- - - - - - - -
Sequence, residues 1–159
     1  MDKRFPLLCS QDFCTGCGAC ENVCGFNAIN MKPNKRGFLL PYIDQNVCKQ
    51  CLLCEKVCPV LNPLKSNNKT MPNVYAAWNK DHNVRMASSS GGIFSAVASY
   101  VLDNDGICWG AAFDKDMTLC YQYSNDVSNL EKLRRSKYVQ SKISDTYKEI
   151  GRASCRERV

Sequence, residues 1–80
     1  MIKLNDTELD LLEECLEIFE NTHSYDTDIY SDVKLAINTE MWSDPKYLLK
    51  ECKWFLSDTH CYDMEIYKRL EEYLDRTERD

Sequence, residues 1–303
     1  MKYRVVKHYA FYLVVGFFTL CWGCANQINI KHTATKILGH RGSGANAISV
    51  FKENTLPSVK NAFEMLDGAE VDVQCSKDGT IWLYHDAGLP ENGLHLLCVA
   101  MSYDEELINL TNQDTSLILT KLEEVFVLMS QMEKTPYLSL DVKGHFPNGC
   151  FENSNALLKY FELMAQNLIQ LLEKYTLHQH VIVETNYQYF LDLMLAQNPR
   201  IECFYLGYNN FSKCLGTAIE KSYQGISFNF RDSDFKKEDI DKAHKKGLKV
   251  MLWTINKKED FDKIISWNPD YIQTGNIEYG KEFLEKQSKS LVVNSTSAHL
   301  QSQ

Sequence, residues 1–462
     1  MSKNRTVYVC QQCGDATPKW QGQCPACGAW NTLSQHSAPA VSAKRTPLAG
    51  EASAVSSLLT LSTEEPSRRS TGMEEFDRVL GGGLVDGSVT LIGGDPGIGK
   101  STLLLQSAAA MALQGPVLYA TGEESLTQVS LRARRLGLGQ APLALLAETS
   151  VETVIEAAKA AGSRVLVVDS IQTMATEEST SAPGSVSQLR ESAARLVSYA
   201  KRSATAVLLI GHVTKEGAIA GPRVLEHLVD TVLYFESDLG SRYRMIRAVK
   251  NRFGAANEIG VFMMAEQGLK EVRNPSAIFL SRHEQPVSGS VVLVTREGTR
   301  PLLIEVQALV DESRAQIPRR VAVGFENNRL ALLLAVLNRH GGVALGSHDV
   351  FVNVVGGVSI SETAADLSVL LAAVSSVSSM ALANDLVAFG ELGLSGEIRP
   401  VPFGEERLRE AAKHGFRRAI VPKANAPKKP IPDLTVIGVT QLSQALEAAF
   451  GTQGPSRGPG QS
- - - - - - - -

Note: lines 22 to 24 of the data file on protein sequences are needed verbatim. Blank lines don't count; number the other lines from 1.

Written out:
   201  KRSATAVLLI GHVTKEGAIA GPRVLEHLVD TVLYFESDLG SRYRMIRAVK
   251  NRFGAANEIG VFMMAEQGLK EVRNPSAIFL SRHEQPVSGS VVLVTREGTR
   301  PLLIEVQALV DESRAQIPRR VAVGFENNRL ALLLAVLNRH GGVALGSHDV